left behind by sidewalk chalk - The harder brick you appear to be using will also have longevity issues !
So seal the barrel at its base and add a final vertical chimney, you should actually have done this step outside, but winter is a pain in the . . . and we all
do understand !
Come back soon and we will move on from there ! we all started from where you are now ! For the Good of the Craft ! Big AL
Success has a Thousand Fathers , Failure is an Orphan
To expand on Allen's comments: clay flue tiles are made to stand high heat, but not fast temperature changes. Their inner faces will get hot and expand while their outer faces are still cold, and they will crack. Then when the fire is out the inner face will cool and shrink while the outer face is still hot. Cutting the tiles in half vertically will let the parts warp a tiny bit when heating and cooling, lessening the stress on them.
Modern (cored) bricks have the same rigid, brittle quality, and it is likely that eventually the bricks in the highest-heat areas will crack and maybe even disintegrate.
Your riser insulation is 19" diameter, while a standard 55 gallon drum is about 22" inside diameter, leaving only an average of 1 1/2" space all around. This is considered the bare minimum, and you might benefit from reducing the insulation jacket diameter by a couple of inches. You would still have plenty of insulation. Vermiculite is said to settle with time and probably heating, so you should check it periodically. Perlite is a more stable insulator, if you need to buy more.
Location: Northern New York Zone4-5 the OUTER 'RONDACs percip 36''
Glenn ; Thanks! I had to hurry to answer a ''second alarm'' for our local Rescue Squad, If I had had another 1/2 an hour i could not have explained me better
Kinda scary-huh ? Big AL
Success has a Thousand Fathers , Failure is an Orphan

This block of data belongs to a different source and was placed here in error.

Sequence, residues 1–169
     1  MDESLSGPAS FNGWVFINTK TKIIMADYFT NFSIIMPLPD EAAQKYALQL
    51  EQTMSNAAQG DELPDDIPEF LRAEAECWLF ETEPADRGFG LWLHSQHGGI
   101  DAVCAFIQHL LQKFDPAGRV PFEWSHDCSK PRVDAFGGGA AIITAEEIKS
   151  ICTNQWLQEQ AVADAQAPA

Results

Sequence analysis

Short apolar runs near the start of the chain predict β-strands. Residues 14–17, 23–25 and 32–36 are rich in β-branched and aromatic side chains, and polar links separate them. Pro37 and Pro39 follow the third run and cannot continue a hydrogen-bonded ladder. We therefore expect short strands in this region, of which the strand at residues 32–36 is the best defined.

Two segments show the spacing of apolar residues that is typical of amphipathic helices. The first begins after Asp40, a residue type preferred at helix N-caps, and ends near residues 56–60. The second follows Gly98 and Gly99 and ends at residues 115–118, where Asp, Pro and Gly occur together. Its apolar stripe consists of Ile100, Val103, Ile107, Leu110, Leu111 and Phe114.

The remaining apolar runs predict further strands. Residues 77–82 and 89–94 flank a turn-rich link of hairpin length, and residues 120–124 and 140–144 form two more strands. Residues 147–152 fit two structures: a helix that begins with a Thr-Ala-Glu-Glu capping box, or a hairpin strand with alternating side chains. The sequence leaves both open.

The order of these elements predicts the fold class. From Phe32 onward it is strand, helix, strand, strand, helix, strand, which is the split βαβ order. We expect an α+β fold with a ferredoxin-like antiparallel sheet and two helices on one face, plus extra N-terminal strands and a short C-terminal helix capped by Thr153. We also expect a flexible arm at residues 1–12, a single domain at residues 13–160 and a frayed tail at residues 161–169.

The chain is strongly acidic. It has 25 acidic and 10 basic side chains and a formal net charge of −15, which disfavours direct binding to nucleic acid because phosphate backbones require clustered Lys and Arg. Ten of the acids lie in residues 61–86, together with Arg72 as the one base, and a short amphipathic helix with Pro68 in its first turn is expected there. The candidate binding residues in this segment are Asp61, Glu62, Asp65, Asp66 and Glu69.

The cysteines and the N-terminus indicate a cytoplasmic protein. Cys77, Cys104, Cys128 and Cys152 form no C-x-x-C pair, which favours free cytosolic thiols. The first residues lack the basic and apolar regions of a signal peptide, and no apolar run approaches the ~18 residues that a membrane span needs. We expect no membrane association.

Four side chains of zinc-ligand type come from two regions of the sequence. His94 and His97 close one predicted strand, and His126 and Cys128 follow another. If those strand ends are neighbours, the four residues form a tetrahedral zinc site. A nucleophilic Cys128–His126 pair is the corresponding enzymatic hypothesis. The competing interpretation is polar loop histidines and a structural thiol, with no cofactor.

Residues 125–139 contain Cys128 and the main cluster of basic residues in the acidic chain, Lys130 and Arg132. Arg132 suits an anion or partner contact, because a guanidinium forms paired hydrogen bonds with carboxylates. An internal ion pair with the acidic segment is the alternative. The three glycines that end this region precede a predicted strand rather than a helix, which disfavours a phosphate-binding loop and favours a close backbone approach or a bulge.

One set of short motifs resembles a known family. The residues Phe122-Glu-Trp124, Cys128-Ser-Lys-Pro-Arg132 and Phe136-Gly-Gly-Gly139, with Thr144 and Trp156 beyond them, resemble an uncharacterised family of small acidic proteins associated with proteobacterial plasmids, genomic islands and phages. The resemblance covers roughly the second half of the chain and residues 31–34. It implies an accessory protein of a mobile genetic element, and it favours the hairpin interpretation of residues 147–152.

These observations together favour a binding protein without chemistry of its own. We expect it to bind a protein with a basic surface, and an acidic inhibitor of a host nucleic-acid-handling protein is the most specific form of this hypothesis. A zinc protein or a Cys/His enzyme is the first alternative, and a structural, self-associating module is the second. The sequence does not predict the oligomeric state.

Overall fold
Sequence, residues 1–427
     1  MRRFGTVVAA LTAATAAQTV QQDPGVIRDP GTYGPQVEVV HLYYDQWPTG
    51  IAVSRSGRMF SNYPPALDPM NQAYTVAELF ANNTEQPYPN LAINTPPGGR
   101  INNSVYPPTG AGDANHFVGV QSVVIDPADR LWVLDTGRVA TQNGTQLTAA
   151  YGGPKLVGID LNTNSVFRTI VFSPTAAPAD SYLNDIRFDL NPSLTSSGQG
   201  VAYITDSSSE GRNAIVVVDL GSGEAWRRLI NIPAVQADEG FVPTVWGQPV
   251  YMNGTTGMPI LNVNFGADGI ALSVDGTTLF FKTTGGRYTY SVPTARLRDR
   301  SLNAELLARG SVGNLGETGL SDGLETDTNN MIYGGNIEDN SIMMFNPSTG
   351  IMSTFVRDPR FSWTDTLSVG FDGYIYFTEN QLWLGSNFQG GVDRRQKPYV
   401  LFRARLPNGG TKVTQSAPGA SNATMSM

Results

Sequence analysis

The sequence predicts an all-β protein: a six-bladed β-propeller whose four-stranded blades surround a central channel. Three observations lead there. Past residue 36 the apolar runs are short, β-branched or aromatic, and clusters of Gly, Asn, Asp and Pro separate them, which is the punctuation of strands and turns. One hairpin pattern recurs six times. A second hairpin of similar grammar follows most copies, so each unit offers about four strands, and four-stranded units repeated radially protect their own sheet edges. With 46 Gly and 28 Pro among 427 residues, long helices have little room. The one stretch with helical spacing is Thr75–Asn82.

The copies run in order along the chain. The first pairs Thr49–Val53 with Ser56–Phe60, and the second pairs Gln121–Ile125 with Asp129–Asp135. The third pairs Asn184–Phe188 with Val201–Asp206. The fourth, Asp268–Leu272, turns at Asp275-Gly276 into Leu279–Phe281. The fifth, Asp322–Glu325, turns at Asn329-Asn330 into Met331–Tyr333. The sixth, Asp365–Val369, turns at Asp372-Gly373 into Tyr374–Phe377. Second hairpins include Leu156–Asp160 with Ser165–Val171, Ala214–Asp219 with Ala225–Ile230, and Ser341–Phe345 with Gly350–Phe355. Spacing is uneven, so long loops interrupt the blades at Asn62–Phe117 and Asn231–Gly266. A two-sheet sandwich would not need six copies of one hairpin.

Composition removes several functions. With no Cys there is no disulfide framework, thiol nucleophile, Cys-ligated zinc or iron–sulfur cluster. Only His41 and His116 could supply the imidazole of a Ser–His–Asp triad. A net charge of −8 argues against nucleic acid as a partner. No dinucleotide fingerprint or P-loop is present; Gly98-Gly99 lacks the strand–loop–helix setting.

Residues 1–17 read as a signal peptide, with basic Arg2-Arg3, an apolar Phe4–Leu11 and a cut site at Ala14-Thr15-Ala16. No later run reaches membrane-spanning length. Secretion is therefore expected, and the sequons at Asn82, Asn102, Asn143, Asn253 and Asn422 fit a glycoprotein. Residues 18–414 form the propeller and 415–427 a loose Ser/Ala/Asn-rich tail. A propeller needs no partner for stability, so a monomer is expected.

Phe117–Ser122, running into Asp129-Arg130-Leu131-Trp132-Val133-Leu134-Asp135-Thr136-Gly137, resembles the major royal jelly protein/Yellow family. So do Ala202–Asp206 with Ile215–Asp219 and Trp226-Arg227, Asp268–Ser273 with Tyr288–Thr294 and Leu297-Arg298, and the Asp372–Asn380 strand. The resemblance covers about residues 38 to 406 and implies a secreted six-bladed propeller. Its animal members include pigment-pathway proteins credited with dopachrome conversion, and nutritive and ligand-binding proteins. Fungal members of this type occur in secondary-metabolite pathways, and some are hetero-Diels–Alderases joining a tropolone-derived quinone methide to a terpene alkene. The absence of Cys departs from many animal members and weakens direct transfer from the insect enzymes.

LOOK AT THE " SIMILAR THREADS " BELOW !
Location: N.E. Alabama
posted 5 years ago
i appreciate the help , guys! I wasn't sure about the clay flue- I figured it would do well enough , but of all the comments I'd read about the high heat mania going on inside the pipe, I wasn't sure. For some reason I have a feeling that this heater won't be the last I build...we'll see.
in the meantime I'll go about trying to do something with the clay flue- cutting it/ accidentally dropping it, something. I have more brick, not sure how it would hold up to the heat in the heat riser ,compared to the clay flue...but whatever.
As for the brick- I wasn't completely sure the quality of it. He'd told me that it came from a building they'd knocked down over in Fort Payne, but I never knew the actual source. Clay in between bricks came from a local churt pit,sand was from a pile at my cousin's house where they'd been mixing cement.
And of course, deal with that heat riser insulation- I just poured it in loose fill, after trying to mix some of the vermiculite with slurry to make it adhesive. The vermiculite on hand was some sort of water resistant sort and it did not take to mixing all that well. I did mix a bit and packed it in the bottom, to try and seal up the gaps between heat riser insulation ..container, and the rest of it.
I don't think I mentioned in my earlier post that I I'd laid the thing on a bed of vermiculite- the cored bricks in the pics were just the border for that.
Anyways- I'll work on it and maybe post something later trying to get another explanation why I failed miserably. Regardless, thanks again guys-- I'll keep going!!!
I built my l feed out of the same terra cotta flu liner material anticipating cracking as their is minimal vertical lode atop
Sure enough first burn cracked it. The riser gets hotter that sand may crumble in. A cheap insulator I've used is wood ash I will be casting a high quality core next winter probably a Peter style batch box